4 The term maximum clique (subgraph, etc.) refers to the largest clique (subgraph, etc.) with respect to cardinality while the term maximal clique (subgraph, etc.) refers to the largest clique (subgraph, etc.) with respect to the subset relation .

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consideration [7]. To simplify the problem of nding a maximum clique in an association graph Ge H, using e-invariants aims at reducing the size of Ge H such that several undesirable maximal cliques disappear while all maximum cliques are maintained at the same time. 4.3. Step 3Solving the maximum clique problem using Hopeld networks In the previous step, we casted the problem of deciding whether G and H are eisomorphic to the problem of nding a maximum clique C n in Ge H with n jGj jHj. Finding a maximum clique of a given graph is a well-known NPcomplete combinatorial optimization problem [16]. Following the seminal paper of Hopeld and Tank [18], the general approach to solve combinatorial optimization problems maps the objective function of the optimization problem onto an energy function of a neural network. The constraints of the problem are included in the energy function as penalty terms, such that the global minima of the energy function correspond to the solutions of the combinatorial optimization problem. Let G be a binary (undirected) graph with adjacency matrix AG gij . To solve the maximum clique problem of G using a Hopeld clique network (HCN) HG we associate the network with the graph G (see page 9).For sake of readability we restate the architecture and dynamical rule of HG . The HCN HG consists of n fully interconnected units. The synaptic weights wij between distinct units i and j are given by  wE X0 : iffi; jg 2 EG excitation; wij wI o0 : iffi; jgeEG inhibition: Note that wij wji , since G is an undirected graph by assumption. The dynamical rule of HG is of the form X xi t 1 xi t wij oj t; 4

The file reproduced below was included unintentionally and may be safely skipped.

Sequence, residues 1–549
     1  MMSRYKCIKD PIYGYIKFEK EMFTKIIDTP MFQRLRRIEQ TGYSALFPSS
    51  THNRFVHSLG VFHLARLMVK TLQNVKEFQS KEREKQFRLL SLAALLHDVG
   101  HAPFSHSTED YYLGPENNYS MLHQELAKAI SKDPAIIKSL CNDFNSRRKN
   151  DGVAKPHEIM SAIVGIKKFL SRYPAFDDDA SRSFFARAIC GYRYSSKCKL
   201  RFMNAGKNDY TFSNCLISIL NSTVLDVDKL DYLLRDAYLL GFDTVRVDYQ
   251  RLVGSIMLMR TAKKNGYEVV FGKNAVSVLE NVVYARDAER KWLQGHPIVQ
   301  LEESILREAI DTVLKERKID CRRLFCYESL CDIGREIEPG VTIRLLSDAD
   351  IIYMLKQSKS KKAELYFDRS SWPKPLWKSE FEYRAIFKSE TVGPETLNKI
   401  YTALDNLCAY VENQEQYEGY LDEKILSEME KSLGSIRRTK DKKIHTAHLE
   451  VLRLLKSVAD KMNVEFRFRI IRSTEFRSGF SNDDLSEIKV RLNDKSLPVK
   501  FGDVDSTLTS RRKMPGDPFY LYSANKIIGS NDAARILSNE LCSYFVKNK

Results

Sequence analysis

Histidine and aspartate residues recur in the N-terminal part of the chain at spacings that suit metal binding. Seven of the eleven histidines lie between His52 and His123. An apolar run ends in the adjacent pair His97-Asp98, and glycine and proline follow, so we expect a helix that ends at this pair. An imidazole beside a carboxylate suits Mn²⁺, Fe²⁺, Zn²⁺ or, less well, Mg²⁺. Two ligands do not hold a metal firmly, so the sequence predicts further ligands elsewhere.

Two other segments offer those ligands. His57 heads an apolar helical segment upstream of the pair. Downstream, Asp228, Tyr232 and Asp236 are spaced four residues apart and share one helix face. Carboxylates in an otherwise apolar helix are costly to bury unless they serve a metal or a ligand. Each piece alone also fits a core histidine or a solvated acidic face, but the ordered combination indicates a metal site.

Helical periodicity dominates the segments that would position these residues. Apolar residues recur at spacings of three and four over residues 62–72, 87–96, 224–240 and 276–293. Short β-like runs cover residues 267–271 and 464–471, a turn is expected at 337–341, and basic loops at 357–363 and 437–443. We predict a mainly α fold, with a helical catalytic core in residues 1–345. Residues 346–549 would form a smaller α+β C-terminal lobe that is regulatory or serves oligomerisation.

jai

where xi t denotes the activation of unit i at time step t. The output function oi t of unit i is a piecewise linear limiter function of the form 8 > 1 : xi tXtt ; < oi t 0 : xi tp0; 5 > : xi t=tt : otherwise; where tt is a time dependent control parameter called pseudo-temperature. The output function oi t has a lower and an upper saturation point at 0 and 1, respectively. Starting with a sufcient large initial value t0 the pseudo-temperature is decreased according to an annealing-schedule to a nal value tf . The energy function of the network to be minimized is then of the form 1X X Et wij oi toj t: 6 2 i jai

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Provided an appropriate parameter setting is given, Theorem 6 states that dynamical rule (3) performs a gradient descent with respect to the energy function E where the global (local) minima of E are in an one-to-one correspondence to the maximum (maximal) cliques of G. Before stating Theorem 6, we introduce two technical terms to simplify its formulation. Let degE i be the number of excitatory connections incident to unit i. We call degE maxfdegE i j 1pipng the excitatory degree of HG and degI maxfn degE i 1 j 1pipng the inhibitory degree of HG . Since any vertex can have at most n 1 adjacent neighbors, the excitatory degree degE is less than n and therefore degI X0. Now we are able to formulate Theorem 6. Theorem 6. Let G be a binary graph of order jGj n and HG be a HCN associated with G. Assume that tt X1 for all tX0. If wE p 2 ; n degI degE 1 wI XdegE wE 7 8

then (1) Et 1pEt for all tX0. (2) There is a bijection between the global (local) minima of E and the maximum (maximal) cliques of G. Proof. [20]. &

From the rst statement together with the fact that E is bounded follows that HG converges. Since the local minima of Et correspond to maximal cliques, we cannot guarantee that the network HG converges to an optimal solution corresponding to a maximum clique. In addition the network can converge to unstable points u 2 Rn of Et. Due to their instability, imposing random noise onto HG may shift the output vector ot away from u. An example of an unstable point is the trivial solution 0 2 Rn . The upper bound of wE ensures that HG performs a gradient descent with respect to E. The lower bound of wI guarantees that HG converges to a feasible solution provided that saddle points are avoided by imposing random noise onto the network. Given a parameter setting satisfying the bounds of Theorem 6 the HCN operates as follows: An initial activation is imposed on the network. Finding a maximum clique then proceeds in accordance with dynamical rule (3) until the system converges to a stable state. During evolution of the network any unit is excited by all active units with which it can form a clique and inhibits all other units. After convergence the stable state corresponds to a maximal weighted clique C of G. The units

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corresponding to the vertices of C can be identied by their respective non-negative activation.